The el-Jazzar Mosque inside the walls of the old city of Acre is named after the Ottoman Bosnian governor Ahmad Pasha el-Jazzar ('the Butcher').
El-Jazzar ordered the mosque's construction in 1781 and had it completed within the year. Despite lacking architectural training, el-Jazzar was the architect of the mosque, drawing up its plans and design, and supervising its entire construction. In addition to the mosque itself, the complex included an Islamic theological academy with student lodging, an Islamic court and a public library. The mosque was built for religious purposes, but its grandiose size and additional functions were also intended by el-Jazzar to serve as a means of consolidating his political legitimacy as ruler of Syria. He modeled the mosque on the mosques of Istanbul, the Ottoman capital.
The el-Jazzar Mosque was built over former Muslim and Christian prayer houses and other Crusader buildings. Building materials for the mosque, particularly its marble and granite components, were taken from the ancient ruins of Caesarea, Atlit and medieval Acre. El-Jazzar commissioned several Greek masons as the mosque's builders. There is a tughra or monogram on a marble disc inside the gate, naming the ruling Sultan, his father, and bearing the legend 'ever-victorious'.
Adjacent to the mosque is a mausoleum and small graveyard containing the tombs of Jazzar Pasha and his adoptive son and successor, Sulayman Pasha, and their relatives.
The mosque is an excellent example of Ottoman architecture, which incorporated both Byzantine and Persian styles. Some of its fine features include the green dome and minaret, a green-domed sabil next to its steps (a kiosk, built by Sultan Abdul Hamid II, for dispensing chilled drinking water and beverages) and a large courtyard.
The mosque, that is dominating Acre's skyline, was originally named Masjid al-Anwar (the 'Great Mosque of Lights') and is also known as the White Mosque because of its once silvery-white dome that glittered at a great distance. The dome is now painted green. The minaret has a winding staircase of 124 steps.
It is the largest mosque in Israel outside of Jerusalem.
The mosque houses the Sha'r an-Nabi, a hair (or lock of hair) from the beard of the Prophet Muhammad. The Sha'r an-Nabi used to be paraded through Acre on Eid al-Fitr, ending the fast of Ramadan, but is now only shown to the congregation. The relic is kept inside the mosque in a glass cabinet placed at the women's upper floor gallery.References:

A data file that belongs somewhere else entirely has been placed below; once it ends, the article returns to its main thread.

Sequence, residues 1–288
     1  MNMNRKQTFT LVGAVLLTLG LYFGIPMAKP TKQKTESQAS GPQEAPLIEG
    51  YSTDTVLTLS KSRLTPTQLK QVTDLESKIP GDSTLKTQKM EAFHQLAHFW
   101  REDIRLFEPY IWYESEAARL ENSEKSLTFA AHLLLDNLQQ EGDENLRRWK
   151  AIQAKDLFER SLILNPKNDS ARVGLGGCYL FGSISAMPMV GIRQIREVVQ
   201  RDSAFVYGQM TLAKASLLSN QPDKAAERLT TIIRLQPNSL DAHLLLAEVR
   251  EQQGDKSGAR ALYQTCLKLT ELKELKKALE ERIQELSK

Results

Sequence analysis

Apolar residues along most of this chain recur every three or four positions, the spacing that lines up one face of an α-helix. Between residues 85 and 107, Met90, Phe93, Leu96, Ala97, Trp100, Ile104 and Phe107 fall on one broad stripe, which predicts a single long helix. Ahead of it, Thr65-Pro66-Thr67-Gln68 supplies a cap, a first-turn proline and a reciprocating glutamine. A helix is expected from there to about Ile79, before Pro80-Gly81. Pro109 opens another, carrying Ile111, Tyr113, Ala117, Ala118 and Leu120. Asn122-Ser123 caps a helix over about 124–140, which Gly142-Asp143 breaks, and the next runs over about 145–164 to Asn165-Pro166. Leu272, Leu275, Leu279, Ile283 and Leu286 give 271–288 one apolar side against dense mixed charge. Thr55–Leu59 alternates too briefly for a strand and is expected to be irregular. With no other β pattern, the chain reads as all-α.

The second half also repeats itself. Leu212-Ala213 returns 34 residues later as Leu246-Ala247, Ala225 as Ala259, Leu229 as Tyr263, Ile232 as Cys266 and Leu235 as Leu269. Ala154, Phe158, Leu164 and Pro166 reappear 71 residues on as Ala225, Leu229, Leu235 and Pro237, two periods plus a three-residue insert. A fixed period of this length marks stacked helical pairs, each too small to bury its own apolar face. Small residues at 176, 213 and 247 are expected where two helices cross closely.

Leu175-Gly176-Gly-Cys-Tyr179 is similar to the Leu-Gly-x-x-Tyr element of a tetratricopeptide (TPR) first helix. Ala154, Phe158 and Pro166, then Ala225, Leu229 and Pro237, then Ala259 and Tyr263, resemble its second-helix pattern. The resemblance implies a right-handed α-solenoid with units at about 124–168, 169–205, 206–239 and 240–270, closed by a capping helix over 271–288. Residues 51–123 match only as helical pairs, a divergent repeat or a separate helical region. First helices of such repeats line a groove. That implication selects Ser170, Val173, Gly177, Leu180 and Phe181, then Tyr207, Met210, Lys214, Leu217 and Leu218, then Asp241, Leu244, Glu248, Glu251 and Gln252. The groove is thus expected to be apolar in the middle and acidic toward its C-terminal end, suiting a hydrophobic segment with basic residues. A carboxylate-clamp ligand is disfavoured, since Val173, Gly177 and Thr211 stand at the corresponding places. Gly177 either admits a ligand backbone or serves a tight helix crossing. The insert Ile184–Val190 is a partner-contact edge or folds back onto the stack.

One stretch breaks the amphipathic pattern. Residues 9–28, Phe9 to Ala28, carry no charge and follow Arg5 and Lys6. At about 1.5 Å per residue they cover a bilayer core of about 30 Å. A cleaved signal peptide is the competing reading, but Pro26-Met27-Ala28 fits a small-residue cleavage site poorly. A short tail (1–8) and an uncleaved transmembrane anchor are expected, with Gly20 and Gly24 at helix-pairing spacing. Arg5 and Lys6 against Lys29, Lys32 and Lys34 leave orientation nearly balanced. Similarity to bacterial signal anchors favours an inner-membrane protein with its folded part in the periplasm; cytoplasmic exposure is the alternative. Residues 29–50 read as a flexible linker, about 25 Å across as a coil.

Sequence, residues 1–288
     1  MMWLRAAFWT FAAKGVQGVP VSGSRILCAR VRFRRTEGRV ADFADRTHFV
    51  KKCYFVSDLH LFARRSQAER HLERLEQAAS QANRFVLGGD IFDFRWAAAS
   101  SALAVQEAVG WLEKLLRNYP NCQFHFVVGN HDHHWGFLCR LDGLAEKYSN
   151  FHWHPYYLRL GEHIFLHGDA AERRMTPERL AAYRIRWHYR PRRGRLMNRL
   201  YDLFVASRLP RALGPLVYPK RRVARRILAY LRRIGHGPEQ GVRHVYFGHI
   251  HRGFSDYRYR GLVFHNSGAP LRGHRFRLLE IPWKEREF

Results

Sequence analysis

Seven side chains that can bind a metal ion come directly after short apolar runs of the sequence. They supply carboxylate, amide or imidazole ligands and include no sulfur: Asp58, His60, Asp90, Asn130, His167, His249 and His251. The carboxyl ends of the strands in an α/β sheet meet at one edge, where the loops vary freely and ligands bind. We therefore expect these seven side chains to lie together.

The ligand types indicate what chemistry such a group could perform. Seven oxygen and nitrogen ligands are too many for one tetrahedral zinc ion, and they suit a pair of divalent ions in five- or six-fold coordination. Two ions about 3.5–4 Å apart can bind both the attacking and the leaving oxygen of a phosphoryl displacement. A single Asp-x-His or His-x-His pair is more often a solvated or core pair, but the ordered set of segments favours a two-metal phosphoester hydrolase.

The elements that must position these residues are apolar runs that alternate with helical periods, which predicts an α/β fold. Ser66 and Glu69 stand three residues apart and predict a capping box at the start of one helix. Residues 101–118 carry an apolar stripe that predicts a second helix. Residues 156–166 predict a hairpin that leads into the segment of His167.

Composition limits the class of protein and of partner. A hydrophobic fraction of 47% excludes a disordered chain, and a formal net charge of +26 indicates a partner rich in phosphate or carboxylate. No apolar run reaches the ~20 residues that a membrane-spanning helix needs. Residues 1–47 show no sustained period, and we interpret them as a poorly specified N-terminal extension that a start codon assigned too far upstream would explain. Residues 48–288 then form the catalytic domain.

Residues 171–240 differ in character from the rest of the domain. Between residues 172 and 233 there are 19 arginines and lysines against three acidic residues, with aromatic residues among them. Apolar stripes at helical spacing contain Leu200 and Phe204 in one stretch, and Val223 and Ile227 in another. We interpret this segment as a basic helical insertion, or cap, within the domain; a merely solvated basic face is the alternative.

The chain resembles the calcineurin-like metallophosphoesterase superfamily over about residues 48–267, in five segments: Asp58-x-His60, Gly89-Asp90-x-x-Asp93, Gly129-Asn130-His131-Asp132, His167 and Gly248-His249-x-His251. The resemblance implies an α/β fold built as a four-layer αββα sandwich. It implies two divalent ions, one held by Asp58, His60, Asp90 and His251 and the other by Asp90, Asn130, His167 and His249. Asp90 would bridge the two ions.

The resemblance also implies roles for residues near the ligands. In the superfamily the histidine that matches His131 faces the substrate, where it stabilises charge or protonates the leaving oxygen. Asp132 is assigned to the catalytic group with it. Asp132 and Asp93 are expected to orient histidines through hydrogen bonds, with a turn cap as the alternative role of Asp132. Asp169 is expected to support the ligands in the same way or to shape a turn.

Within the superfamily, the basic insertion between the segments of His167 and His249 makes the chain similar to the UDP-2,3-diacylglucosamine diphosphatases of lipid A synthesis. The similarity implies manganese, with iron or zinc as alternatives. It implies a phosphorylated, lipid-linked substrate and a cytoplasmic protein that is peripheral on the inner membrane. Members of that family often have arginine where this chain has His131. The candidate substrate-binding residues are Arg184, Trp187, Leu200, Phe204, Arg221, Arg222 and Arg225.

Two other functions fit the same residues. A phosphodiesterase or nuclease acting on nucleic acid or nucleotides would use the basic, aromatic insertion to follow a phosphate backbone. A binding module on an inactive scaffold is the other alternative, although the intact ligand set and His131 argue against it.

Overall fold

The Broch of Gurness is an Iron Age broch village. Settlement here began sometime between 500 and 200 BC. At the centre of the settlement is a stone tower or broch, which once probably reached a height of around 10 metres. Its interior is divided into sections by upright slabs. The tower features two skins of drystone walls, with stone-floored galleries in between. These are accessed by steps. Stone ledges suggest that there was once an upper storey with a timber floor. The roof would have been thatched, surrounded by a wall walk linked by stairs to the ground floor. The broch features two hearths and a subterranean stone cistern with steps leading down into it. It is thought to have some religious significance, relating to an Iron Age cult of the underground.
The remains of the central tower are up to 3.6 metres high, and the stone walls are up to 4.1 metres thick. The tower was likely inhabited by the principal family or clan of the area but also served as a last resort for the village in case of an attack.
The broch continued to be inhabited while it began to collapse and the original structures were altered. The cistern was filled in and the interior was repartitioned. The ruin visible today reflects this secondary phase of the broch's use.
The site is surrounded by three ditches cut out of the rock with stone ramparts, encircling an area of around 45 metres diameter. The remains of numerous small stone dwellings with small yards and sheds can be found between the inner ditch and the tower. These were built after the tower, but were a part of the settlement's initial conception. A 'main street' connects the outer entrance to the broch. The settlement is the best-preserved of all broch villages.
Pieces of a Roman amphora dating to before 60 AD were found here, lending weight to the record that a 'King of Orkney' submitted to Emperor Claudius at Colchester in 43 AD.
At some point after 100 AD the broch was abandoned and the ditches filled in. It is thought that settlement at the broch continued into the 5th century AD, the period known as Pictish times. By that time the broch was not used anymore and some of its stones were reused to build smaller dwellings on top of the earlier buildings. Until about the 8th century, the site was just a single farmstead.
In the 9th century, a Norse woman was buried at the site in a stone-lined grave with two bronze brooches and a sickle and knife made from iron. Other finds suggest that Norse men were buried here too.